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Lecture

Bus 393 - Lecture 1

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Department
Business Administration
Course
BUS 393
Professor
Colin Hawes
Semester
Fall

Description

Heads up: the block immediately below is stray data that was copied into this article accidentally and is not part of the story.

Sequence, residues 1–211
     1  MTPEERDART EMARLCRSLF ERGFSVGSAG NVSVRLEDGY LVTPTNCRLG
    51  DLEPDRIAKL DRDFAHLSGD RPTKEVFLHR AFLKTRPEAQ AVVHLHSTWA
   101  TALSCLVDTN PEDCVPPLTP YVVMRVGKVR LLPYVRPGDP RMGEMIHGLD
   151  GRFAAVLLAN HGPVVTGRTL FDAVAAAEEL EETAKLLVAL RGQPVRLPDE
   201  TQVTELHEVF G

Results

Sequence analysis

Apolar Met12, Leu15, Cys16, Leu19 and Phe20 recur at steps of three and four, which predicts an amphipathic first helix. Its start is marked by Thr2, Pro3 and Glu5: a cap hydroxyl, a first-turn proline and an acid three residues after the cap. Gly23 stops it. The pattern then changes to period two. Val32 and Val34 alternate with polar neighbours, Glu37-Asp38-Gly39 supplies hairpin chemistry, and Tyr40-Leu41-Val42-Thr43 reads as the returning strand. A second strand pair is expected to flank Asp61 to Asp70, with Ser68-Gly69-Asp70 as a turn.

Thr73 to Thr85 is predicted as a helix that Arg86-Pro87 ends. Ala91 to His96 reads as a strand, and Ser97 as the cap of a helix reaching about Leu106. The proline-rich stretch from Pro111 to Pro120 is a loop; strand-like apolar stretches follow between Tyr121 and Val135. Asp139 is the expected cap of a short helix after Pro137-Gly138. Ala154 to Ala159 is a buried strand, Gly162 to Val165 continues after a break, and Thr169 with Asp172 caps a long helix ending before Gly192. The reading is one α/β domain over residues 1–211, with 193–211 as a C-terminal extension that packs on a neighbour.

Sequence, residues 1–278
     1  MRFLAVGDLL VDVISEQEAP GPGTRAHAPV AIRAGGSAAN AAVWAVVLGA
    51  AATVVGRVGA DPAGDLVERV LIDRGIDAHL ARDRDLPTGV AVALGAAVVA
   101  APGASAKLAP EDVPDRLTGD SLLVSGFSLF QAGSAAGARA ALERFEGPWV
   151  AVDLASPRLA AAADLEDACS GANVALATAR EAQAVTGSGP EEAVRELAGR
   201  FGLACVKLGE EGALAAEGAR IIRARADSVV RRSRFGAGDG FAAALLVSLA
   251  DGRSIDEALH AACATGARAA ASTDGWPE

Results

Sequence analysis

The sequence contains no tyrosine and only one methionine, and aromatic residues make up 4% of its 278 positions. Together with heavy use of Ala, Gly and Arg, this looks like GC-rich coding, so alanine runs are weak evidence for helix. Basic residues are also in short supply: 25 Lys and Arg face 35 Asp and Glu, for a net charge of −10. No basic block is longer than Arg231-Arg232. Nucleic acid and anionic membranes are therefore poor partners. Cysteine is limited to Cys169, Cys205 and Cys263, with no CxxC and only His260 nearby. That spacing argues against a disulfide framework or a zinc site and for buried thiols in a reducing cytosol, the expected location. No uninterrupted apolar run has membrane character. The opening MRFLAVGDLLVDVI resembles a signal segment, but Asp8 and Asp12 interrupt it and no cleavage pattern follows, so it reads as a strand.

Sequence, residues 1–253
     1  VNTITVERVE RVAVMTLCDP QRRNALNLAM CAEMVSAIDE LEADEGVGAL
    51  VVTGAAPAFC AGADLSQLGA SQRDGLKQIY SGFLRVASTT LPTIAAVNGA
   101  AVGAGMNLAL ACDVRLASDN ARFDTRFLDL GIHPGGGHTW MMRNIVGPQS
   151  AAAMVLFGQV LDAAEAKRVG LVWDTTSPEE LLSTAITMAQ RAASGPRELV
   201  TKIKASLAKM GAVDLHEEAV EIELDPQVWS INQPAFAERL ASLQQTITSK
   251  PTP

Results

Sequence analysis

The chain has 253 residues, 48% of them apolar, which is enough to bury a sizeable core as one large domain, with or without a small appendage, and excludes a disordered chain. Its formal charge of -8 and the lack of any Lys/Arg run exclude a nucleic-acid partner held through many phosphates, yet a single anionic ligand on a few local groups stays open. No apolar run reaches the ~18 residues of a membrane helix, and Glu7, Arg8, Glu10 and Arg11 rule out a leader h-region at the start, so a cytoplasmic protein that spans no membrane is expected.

BUS 393 September 10, 2010 Lecture 1 Intro to Legal System Colin Hawes What is Law  Law: Body of rules that can be enforced by the courts or other government agencies  Business Law: Any of those rules in law which relate to business  Canadian Law: Canadian Constitution and the Charter  Legislation, Acts, Statutes, Codes  Court Cases and Precedents: Case Law  Lawyers: Experts in the law  Defending or Representing clients in courts or outside courts  Prosecuting offences  Litigation: Lawsuits  Provide legal advice  Drafting legal documents and contracts  R. v. Bob: Rex (King) or Regina (Queen) against Bob, state initiated  Constitution Act: The Canadian law  Charter of Rights and Freedom: Rights of the people  Fundamental Freedoms  Democratic Rights  Mobility Rights  Legal Rights  Equality Rights  Language Rights  Division of Power Between Governments: Gives authority to provinces and federal entities to enforce law, but only federal government has power to create criminal law Legal Systems (23)  Civil Law Legal System  Relies mainly on codes and statutes  Statues: Acts passed by federal or provincial parliaments, aka legislation  Judge’s decisions in courts are not so important for developing the law: judges do not ‘make law’ in a civil law system  Used in many developing countries  Common Law Legal System  Used in developed countries  Judge-made laws where there are no rules for  Stare Decisis: What is decided earlier must be followed when the decision made is equal or higher in the court hierarchy (same province)  Provides predictability  Results in inflexible system, because society has changed since the past decision  Distinguishing the Facts: The process of a judge finding the essential differences of the present and past case, if he feels that the prior decision will create an injustice in the present case  Can have two types of activity in court: Civil or Criminal  Civil: Test probabilities, 50%+  Criminal: Beyond reasonable doubt, restricted to what is inside the Criminal Code Canada’s Courts (66)  Provincial Courts: Also have Small Claims Court and Family Court, sometimes Youth Justice Court  Small Claims Court: Civil matters $5000 - $25,000  Family Court: Custody of children  Surrogate or Probate Courts: Specialized courts  Circuit Court: A mobile court Process of  Sentencing Circles: Not a court, involves all interested persons meeting in the circle to discuss the offense and sentencing options; usually for aboriginal offenders and victims Civil Litigation,  Limitation Period: The available timeframe which you must file a court case in, if this is past, then you Suing cannot file a case (73)  1. Determine Jurisdiction: Where to sue? Depends on where the defendant resides or the area where the incident arouse  2. Pre-Trial Procedure:
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